Ours was simply to determine: What happened? What should have happened; and whether there was a discrepancy between what happened and what should have happened. We fin ally had to determine if such discrepancy, if any constitution improper conduct, maladmi8nistration, abuse of power or any of the violations envisaged in the Constitution and the Public Protector Act. We also had to take appropriate remedial action as envisaged in section 182(3) of the Constitution. This is how the investigation unfolded.
On 3 August 2010, I requested the National Commissioner of SAPS and the Director-General of DPW not to proceed with the implementation of the lease pending the finalisation of the investigation
On 10 August 2010 both SAPS and DPW wrote back to me undertaking to comply with the request. DPW further advised that parties had been informed that the implementation of the leases in question had been suspended pending the out come of an internal investigation and the investigation of the Public Protector and the SIU.
On 11 and 19 October 2010, the Director-General of DPW informed the National Commissioner of SAPS that the lease agreement between the DPW and Roux Property Fund (RPF) in respect to the Sanlam Middestad building was invalid. This was on the basis of the findings of an internal inquiry and independent legal advise obtained.
On 25 October 2010, I issued a preliminary report on the investigation and informed the National Police Commissioner of the SAPS of my concurrence with the decision of the DPW to commence with an entirely new procurement process. This report was presented to the Executive Authorities and accounting officers of the SAPS and the DPW.
On 31 October 2010, Ms Gwen Mahlangu-Nkabinde replaced Mr Geoff Doidge as the Minister of Public Works.
Shortly after her assumption of duty, Minister Mahlangu-Nkabinde's office obtained informal advice from the Office of the State Attorney, indicating that the lease was enforceable. This advice was however given subject to a further legal opinion to be obtained from senior counsel at the request of the Minister's office.
The opinion of senior council dated 22 November 2010, concluded that the contract between the DPW and RPF was unlawful, thereby rendering the lease agreement invalid.
On 22 November 2010, the DPW advised Nedbank, the financiers of RPF, that it was continuing with the lease. This was followed by a public pronouncement by Minister Mahlangu-Nkabinde that the DPW was continuing with the implementation of the lease. On the same day, the Director-general of the DPW was suspended.
Our investigation was conducted over a period of five months. It included interviews with officials from the SAPS including National Commissioner, officials from the DPW and Mr Roux Shabangu of the RPF. Voluminous documentation relating to the procurement was perused and relevant provisions of the Constitution, the PFMA, Treasury Regulations and other procurement prescripts were considered and applied.
Copies of the draft report were distributed to all relevant parties and responses to the draft were submitted and considered for purposes of the final report.
My findings in full are contained in the full report that, I believe, has already been circulated to you. I will quickly zoom into my specific findings in relations to the SAPS and the DPW.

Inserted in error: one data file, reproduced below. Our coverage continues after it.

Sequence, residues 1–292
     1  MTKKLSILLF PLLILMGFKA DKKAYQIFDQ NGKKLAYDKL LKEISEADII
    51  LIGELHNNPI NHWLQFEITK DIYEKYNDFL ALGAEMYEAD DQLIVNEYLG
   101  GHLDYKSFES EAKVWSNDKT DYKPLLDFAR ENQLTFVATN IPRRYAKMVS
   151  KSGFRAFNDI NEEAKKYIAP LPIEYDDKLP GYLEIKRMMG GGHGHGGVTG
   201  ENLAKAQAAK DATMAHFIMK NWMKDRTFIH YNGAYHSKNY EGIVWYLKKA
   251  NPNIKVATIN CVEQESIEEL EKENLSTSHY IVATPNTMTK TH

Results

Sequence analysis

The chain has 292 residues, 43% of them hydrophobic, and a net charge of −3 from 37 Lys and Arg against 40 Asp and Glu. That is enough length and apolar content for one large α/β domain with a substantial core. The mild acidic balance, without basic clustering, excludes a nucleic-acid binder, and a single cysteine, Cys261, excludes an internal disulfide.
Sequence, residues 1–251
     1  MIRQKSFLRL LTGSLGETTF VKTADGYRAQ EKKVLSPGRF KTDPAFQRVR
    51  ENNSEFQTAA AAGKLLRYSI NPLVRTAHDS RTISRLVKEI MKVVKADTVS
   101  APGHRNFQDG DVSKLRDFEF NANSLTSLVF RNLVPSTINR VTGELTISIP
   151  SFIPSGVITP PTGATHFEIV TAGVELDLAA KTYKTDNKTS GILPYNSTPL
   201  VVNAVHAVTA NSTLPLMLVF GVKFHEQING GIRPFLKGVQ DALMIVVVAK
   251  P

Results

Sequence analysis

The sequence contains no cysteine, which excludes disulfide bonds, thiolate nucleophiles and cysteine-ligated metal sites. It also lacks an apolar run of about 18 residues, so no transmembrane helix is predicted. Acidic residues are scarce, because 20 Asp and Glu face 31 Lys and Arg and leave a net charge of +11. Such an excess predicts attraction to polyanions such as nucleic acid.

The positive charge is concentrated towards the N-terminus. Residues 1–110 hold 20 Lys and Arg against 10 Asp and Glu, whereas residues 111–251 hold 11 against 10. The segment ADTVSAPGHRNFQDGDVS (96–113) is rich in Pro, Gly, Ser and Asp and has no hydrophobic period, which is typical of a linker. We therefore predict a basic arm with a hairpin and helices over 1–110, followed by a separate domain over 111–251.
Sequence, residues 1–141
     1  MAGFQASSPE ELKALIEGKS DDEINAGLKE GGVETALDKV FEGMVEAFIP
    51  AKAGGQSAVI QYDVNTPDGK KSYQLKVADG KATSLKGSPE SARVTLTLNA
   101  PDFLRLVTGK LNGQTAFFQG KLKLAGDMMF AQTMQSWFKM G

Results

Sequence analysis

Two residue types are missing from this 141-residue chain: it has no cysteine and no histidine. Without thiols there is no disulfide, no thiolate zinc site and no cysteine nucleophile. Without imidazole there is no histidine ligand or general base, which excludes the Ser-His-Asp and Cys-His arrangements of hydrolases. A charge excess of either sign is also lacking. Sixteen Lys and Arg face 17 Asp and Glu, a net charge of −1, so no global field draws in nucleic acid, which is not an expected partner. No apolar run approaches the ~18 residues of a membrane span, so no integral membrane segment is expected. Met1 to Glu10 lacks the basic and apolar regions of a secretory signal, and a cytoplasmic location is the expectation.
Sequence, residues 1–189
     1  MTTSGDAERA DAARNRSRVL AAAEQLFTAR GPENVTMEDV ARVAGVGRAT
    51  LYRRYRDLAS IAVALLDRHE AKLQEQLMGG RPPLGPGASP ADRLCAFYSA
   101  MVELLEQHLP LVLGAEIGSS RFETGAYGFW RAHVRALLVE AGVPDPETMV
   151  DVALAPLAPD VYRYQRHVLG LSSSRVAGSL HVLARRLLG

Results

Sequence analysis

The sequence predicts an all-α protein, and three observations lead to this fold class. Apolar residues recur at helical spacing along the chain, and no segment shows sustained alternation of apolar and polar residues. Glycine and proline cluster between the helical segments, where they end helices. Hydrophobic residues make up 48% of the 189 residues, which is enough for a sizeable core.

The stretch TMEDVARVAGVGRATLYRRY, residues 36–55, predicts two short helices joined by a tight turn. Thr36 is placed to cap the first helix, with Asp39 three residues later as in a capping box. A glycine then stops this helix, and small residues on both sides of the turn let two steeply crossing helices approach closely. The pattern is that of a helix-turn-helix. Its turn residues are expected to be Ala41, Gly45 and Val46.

Specific Findings Relating to SAPS
a. The lease agreements were signed between RPF and the DPW and not by the National Commissioner of the SAPS, as was alleged.
b. Although the SAPS did not sign the lease agreement, its involvement in the procurement process was improper, as it proceeded beyond the demand management phase and it further failed to implement proper controls, as required by the PFMA and relevant procurement prescripts.
c. The SAPS failed to comply with section 217 of the Constitution, the relevant provisions of the PFMA, Treasury Regulations and supply chain management rules and policies. This failure amounted to improper conduct and maladministration.
d. The conduct of the accounting officer of the SAPS was in breach of those duties and obligations incumbent upon him in terms of section 217 of the Constitution, section 38 of the PFMA and the relevant Treasury Regulations. These provisions require from an accounting officer to ensure that goods and services are procured in accordance with a system that fair, equitable, transparent, competitive and cost effective. This conduct was improper, unlawful and amounted to maladministration.
e. On the evidence available it could not be found that an improper relationship between the preferred service provider (RPF) and the SAPS motivated the deviation from required tender procedures.
Specific Findings Relating to DPW
a. The procurement by the DPW of the lease was not in accordance with a system that is cost effective and competitive, as is required by section 217 of the Constitution, the relevant provisions of the PFMA, Treasury Regulations and supply chain management rules and policies. This failure amounted to improper conduct and maladministration.
b. The conduct of the accounting officer of the DPW was in breach of those duties and obligations incumbent upon him in terms of section 217 of the Constitution, section 38 of the PFMA and the relevant Treasury Regulations. These provisions require from an accounting officer to ensure that goods and services are procured in accordance with a system that fair, equitable, transparent, competitive and cost effective. This conduct was improper, unlawful and amounted to maladministration.